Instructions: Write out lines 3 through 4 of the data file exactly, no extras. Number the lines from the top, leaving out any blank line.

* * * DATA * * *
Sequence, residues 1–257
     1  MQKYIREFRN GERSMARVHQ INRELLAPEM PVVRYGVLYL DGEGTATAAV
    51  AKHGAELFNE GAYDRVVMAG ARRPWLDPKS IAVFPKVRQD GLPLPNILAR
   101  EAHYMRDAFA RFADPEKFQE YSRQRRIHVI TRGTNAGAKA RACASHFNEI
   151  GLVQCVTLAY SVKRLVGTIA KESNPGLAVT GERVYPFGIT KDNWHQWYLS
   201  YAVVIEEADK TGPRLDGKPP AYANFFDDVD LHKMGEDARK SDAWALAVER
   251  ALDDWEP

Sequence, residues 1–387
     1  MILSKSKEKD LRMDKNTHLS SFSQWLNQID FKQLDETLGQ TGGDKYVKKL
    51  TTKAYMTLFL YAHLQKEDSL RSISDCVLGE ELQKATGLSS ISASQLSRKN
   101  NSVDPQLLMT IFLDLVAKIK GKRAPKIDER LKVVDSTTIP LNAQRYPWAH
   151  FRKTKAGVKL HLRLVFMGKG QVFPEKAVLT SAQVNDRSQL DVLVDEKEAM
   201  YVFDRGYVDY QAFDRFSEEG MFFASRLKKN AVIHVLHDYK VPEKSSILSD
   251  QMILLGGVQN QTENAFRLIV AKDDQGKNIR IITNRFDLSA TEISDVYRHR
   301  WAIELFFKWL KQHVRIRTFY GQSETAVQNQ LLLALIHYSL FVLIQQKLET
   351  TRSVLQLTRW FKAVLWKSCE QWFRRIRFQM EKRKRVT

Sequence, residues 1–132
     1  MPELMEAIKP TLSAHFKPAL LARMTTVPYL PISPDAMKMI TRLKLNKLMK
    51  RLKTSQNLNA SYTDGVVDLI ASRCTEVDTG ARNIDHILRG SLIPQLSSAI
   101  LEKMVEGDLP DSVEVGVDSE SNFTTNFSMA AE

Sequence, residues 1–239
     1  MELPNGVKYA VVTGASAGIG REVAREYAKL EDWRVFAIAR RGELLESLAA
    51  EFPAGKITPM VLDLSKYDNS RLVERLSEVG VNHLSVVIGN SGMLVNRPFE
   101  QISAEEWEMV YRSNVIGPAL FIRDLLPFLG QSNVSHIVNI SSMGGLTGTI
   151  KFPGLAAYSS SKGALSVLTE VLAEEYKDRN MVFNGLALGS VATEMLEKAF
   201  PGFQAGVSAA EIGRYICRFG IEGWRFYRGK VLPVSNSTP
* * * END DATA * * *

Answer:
    51  AKHGAELFNE GAYDRVVMAG ARRPWLDPKS IAVFPKVRQD GLPLPNILAR
   101  EAHYMRDAFA RFADPEKFQE YSRQRRIHVI TRGTNAGAKA RACASHFNEI